Betting on these winners is a lot smarter than betting against them.
This article originally appears on The Motley Fool, written by Keith Speights.
It can be dangerous to think that a company can never be defeated. There are too many once-powerful businesses that have either disappeared or are a shadow of their former selves to totally rule out the chance of being disrupted.
However, there are a handful of companies that have such strong business models that they’re likely to remain at the top of their markets for a long time to come. These are the kinds of companies that you want to invest in. If you’ve got $5,000, here are three practically invincible stocks that you can buy right now to make a lot of money over the long run.
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It would be extremely difficult for a rival to dethrone Amazon.com (NASDAQ:AMZN) in e-commerce. The company has a well-known brand. It has a massive distribution infrastructure. Amazon claims roughly 40% of the online sales market, according to market researcher eMarketer. The No. 2 company, Walmart (NYSE: WMT), has an e-commerce market share of only 5%.
Amazon has tougher competition for its Amazon Web Services (AWS) cloud hosting business. But it’s still the indisputed leader. As organizations migrate apps and data to the cloud, it seems highly likely that AWS will continue to deliver impressive growth even if it loses market share along the way.
Can anything stop Amazon? Perhaps the biggest threat is that government regulators could throttle the company’s expansion plans. It’s also possible (but I think quite unlikely) that Amazon could be broken up. Even if that happens, though, my hunch is that the sum of the parts would potentially be worth more than the whole.
Barring a major governmental roadblock, Amazon seems poised to continue delivering solid growth despite its huge size. The company has its eyes set on the lucrative healthcare market and is acquiring Zoox to get into the self-driving car technology arena. Amazon isn’t completely invincible, but it’s not too far from it.
2. Intuitive Surgical
Speaking of the healthcare sector, one company has absolutely dominated the robotic surgical systems market for two decades — Intuitive Surgical (NASDAQ:ISRG). More than 5,500 of Intuitive’s da Vinci systems are installed across the world. Over 7.2 million surgical procedures have been performed using these systems so far, with 1.2 million procedures in 2019 alone.
Intuitive Surgical’s success has attracted new rivals. Two healthcare giants, Medtronic (NYSE: MDT) and Johnson & Johnson, (NYSE: JNJ) have robotic surgical systems that either already compete directly against Intuitive’s products or will do so soon.
However, I’m not too concerned about Intuitive losing its grip on the top spot in the market. Intuitive’s existing customers have ample motivation to get the most out of their investment rather than switch to a rival system. Newcomers will also be at a disadvantage going up against Intuitive’s long safety track record.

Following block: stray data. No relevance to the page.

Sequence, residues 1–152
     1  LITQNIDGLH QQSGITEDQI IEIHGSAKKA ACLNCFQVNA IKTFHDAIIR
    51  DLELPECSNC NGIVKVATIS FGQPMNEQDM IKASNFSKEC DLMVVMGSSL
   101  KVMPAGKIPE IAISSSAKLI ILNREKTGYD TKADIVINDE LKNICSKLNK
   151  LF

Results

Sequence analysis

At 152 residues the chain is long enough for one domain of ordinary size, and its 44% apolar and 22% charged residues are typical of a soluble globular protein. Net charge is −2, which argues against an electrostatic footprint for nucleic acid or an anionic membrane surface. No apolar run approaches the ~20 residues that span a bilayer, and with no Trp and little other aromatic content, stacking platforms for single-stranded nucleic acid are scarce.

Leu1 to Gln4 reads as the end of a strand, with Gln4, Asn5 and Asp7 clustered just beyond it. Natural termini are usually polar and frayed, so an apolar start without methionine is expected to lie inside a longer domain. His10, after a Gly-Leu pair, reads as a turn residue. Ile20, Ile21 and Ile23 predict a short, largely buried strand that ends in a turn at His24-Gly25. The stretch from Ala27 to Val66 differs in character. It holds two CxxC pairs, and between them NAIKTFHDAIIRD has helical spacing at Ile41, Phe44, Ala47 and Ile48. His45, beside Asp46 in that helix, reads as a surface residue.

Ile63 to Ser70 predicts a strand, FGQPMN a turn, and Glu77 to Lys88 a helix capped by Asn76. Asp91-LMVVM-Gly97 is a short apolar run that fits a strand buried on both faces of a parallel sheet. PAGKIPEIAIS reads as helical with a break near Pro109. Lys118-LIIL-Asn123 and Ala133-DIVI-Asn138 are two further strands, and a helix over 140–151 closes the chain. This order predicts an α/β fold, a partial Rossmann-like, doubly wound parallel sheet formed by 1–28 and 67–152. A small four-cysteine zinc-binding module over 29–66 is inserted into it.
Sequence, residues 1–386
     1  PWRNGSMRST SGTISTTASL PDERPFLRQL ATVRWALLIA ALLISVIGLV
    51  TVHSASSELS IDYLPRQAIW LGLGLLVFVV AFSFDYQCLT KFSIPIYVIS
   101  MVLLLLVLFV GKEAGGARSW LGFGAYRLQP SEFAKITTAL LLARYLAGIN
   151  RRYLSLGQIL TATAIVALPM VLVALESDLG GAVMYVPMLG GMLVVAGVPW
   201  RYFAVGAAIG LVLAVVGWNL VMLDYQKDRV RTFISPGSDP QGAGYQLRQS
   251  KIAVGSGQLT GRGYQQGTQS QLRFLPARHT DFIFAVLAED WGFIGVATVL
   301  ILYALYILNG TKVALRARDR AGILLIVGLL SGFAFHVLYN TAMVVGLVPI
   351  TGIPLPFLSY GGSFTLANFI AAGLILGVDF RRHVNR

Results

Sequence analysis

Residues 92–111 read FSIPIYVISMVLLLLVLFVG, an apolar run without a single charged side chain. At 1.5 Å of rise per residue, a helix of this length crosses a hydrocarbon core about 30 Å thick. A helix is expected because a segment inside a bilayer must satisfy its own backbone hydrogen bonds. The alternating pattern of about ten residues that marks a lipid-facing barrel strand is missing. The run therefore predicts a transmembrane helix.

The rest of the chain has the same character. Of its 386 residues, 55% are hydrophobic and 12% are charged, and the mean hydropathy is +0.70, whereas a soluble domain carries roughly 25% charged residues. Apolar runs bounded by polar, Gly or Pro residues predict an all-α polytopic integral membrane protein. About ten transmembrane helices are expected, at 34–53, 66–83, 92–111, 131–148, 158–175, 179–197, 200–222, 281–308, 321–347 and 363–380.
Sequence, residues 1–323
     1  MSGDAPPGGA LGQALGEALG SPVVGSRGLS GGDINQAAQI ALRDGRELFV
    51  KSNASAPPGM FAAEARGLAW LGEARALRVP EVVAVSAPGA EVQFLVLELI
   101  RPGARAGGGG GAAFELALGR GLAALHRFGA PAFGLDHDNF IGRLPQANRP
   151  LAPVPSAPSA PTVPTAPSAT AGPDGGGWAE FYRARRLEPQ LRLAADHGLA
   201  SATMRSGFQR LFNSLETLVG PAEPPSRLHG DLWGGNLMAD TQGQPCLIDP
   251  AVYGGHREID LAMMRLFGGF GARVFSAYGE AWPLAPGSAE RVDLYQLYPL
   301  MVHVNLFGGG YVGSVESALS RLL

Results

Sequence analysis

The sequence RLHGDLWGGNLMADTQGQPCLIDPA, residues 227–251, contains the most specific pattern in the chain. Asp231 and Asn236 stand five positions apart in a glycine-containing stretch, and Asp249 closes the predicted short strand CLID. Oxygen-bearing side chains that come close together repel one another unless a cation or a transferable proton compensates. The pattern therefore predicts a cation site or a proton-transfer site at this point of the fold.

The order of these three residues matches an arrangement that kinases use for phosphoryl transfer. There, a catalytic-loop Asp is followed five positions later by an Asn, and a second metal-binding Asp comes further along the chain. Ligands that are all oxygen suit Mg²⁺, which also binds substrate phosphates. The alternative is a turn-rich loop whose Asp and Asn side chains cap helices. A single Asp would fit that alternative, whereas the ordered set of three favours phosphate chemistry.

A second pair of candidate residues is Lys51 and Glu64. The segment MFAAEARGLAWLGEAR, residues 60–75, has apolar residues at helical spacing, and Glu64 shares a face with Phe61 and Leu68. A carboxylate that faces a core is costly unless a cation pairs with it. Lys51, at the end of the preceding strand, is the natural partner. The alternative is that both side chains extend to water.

Most importantly, though, I think the market will expand enough to support multiple players with Intuitive Surgical remaining No. 1. Key growth drivers include aging demographic trends and technological innovations that increase the types of procedures that can be performed with robotic assistance.
Some think that the COVID-19 pandemic could cause an acceleration of the ongoing shift from cash to digital forms of payment with consumers’ worries that using physical currency could increase their chances of being infected by viruses. Although some studies have shown those fears are overblown, perception is sometimes more important than reality. I think Square (NYSE:SQ) is well-positioned to be a big winner from the growth in digital payments regardless.
Square has firmly established itself as the leader in providing payment technology and services to small- and medium-sized businesses. You probably see the company’s small credit card devices frequently if you make purchases from these smaller retailers. What you don’t see, though, is the impressive ecosystem that Square has built to serve these businesses, from payroll apps to business debit cards.
I look for Square to leverage its relationships with small- and medium-sized businesses to gain more traction in helping them in new ways, including building e-commerce sites. I also expect the company to make further inroads with larger clients.
Square’s Cash App peer-to-peer digital payment is competing well against PayPal‘s (NYSE: PYPL) Venmo. The company thinks it has an opportunity of at least $60 billion annually in the U.S. alone with Cash App. With its strength in both business and individual financial ecosystems, it’s not unreasonable to view Square as the “Amazon of financial services.” I think that the growth in fintech and Square’s leadership position make it another nearly unstoppable stock to buy for long-term investors.
MyWallSt operates a full disclosure policy. MyWallSt staff currently hold long positions in companies mentioned above. Read our full disclosure policy here.
John Mackey, CEO of Whole Foods Market, an Amazon subsidiary, is a member of The Motley Fool’s board of directors. Keith Speights owns shares of Amazon, Intuitive Surgical, PayPal Holdings, and Square. The Motley Fool owns shares of and recommends Amazon, Intuitive Surgical, PayPal Holdings, and Square. The Motley Fool recommends Johnson & Johnson and recommends the following options: short September 2020 $70 puts on Square, short January 2022 $1940 calls on Amazon, long January 2022 $1920 calls on Amazon, and long January 2022 $75 calls on PayPal Holdings. The Motley Fool has a disclosure policy.